Sunday, May 24, 2009

Sins of iMission: What Apple omitted from the iPhone

If you've observed the outpouring of joy and wonder--and cash--with which adoring Apple fans have greeted each new iteration of the iPhone, and if you've formed the general impression that the iPhone is the "smartphone" that does everything, think again. iphoneDig a little deeper into the online chatter and you find out, as buyers like me have done, that Apple omitted some serious "basic" features from all the iPhones so far produced.

Topping the "Sins of iMission" is a feature that's almost synonymous with Apple. That's right I'm talking about cut-and-paste. You heard right, there's no way to...select, copy, move, or reuse text on the iPhone, a phone from the company that pioneered the computer clipboard and the incredibly useful X/C/V commands. Just think about the implications for productivity and ease-of-use.

Suppose you're on the road when you get a call, on your iPhone,  from your wife. She tells you she's been diagnosed with hemochromatosis, a condition you've never heard of before. She spells it out while you type it into a note on your phone. When you hang up you want to research this condition. You have to re-type hemochromatosis into Google because you can't copy from the Notes app. And you have to retype hemochromatosis into the emails you want to send to friends and family. You have to retype hemochromatosis when you create a new contact record for the Hemochromatosis Foundation. And if you want to copy and paste into email that definition of hemochromatosis you found on the Hemochromatosis Foundation website, well you're **** out of luck.

Clearly the iPhone was launched with a major chunk of legacy functonality missing from its operating system. For example, back in 2002, the Palm Treo 180 smartphone was able to cut and paste between notes, email, browser, SMS, and phone list. The Treo 650 that came out in 2004 did all that plus shoot pictures and video, play MP3s, and transfer files via Bluetooth.

By now you can probably hear the chorus of angry replies from Apple-entranced iPhone lovers: "It's available in 3.0!" And they are right. You can perform cut-n-paste on your iPhone if you install the 3.0 version of the iPhone firmware. The only drawback: 3.0 is not available yet, and probably won't arrive until July 2009, two full years after the iPhone first went on sale [May 24 update: July 17 tipped for release date.]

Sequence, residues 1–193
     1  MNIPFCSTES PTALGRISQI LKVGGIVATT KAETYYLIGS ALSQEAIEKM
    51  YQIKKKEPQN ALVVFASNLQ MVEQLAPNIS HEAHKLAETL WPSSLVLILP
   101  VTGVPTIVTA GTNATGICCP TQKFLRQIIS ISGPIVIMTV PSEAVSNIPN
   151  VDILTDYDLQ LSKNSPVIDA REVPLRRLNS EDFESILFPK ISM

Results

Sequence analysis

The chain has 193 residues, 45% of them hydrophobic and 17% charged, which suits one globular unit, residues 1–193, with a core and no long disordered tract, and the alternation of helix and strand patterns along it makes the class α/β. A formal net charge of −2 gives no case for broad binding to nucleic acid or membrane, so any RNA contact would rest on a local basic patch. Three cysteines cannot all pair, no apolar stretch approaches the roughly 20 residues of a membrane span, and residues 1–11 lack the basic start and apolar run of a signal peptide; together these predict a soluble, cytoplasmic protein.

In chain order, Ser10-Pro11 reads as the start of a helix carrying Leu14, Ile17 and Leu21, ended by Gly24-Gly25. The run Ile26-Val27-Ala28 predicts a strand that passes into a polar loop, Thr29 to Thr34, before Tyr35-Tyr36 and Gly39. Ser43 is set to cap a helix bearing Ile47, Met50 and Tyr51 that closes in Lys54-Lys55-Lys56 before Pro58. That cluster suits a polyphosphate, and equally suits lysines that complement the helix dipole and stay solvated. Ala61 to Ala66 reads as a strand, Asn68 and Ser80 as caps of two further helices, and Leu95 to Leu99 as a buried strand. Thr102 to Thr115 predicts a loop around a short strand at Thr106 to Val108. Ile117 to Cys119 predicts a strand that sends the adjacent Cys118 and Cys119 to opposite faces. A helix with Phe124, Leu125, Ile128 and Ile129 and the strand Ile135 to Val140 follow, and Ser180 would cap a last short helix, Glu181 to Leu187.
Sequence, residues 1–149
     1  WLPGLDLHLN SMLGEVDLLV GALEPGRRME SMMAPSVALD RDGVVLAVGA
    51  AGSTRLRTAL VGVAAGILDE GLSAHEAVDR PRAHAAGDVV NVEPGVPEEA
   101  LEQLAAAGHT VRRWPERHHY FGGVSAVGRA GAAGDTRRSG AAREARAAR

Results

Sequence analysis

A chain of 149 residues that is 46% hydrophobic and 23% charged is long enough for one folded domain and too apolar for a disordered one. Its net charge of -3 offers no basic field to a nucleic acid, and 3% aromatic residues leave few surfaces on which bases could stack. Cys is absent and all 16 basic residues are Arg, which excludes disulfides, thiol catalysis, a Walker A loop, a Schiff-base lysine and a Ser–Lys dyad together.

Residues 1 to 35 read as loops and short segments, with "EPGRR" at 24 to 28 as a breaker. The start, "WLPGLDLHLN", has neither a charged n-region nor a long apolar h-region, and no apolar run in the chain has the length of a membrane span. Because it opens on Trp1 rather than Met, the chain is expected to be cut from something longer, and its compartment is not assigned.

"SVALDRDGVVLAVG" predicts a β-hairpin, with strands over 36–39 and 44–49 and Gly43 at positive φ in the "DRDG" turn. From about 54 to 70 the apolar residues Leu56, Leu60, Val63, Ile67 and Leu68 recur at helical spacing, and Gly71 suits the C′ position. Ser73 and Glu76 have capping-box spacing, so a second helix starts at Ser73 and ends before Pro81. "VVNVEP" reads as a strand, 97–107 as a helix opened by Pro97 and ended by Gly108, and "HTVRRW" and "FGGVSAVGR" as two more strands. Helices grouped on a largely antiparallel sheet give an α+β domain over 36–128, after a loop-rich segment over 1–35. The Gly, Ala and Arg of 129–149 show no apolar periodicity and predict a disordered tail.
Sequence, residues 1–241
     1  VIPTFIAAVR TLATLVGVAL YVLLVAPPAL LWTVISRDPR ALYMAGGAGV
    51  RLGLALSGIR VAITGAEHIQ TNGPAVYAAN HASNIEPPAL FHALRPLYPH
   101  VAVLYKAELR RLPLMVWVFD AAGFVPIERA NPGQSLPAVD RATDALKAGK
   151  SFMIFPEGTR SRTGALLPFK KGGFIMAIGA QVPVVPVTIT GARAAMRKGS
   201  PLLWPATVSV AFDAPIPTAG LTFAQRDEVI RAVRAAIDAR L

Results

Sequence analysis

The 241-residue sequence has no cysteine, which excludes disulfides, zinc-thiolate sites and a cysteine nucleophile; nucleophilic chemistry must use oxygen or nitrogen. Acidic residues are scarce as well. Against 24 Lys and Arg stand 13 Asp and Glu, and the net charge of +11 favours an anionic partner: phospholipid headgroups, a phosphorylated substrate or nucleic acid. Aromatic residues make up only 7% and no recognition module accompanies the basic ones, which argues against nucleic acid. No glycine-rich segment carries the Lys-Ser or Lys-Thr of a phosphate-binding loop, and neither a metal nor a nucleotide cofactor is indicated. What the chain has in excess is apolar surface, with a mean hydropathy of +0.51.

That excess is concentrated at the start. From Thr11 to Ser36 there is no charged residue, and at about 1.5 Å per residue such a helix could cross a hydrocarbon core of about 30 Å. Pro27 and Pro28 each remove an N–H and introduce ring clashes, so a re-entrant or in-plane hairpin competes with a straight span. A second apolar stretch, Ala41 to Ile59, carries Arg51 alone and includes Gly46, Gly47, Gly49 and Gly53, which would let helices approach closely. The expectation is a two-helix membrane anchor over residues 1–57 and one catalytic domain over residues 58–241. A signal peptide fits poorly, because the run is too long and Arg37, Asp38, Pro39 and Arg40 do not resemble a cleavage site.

So why did Apple make such a major omission when it launched the iPhone? I'm guessing that engineers were having technical difficulty implementing cut-and-paste within the constraints of the iPhone's menu-free, keystroke-free, gesture-based interface. While this interface looks very sexy in commercials it poses serious practical challenges when implemented in a small form factor.

I think Apple has gambled--successfully so far based on sales numbers--on the sexiness of the interface overshadowing the practical drawbacks and glaring omissions. The iPhone is still selling like hot cakes. I can see why. I bought an iPhone last month and I really like it, as an all round gadget, but not yet a serious phone or text input device.

When I found out that Apple had left off important bits of basic smartphone functionality I almost returned it in favor of the soon-to-be-released Palm Pre. What stopped me? Two things: a. Apple announced 3.0 and b. the Palm Pre will only be available on Sprint (until 2010 at least, or so I hear).